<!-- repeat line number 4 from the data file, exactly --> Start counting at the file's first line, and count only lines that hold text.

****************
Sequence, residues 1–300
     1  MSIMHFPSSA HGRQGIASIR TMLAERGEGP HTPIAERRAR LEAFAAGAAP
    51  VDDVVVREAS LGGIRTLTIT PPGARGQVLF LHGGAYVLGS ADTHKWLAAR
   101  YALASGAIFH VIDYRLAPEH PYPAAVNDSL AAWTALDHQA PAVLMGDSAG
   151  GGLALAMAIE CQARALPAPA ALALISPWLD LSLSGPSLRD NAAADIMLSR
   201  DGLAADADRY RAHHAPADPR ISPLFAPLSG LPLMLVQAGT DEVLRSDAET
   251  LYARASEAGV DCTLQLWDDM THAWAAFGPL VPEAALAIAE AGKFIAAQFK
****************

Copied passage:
   101  YALASGAIFH VIDYRLAPEH PYPAAVNDSL AAWTALDHQA PAVLMGDSAG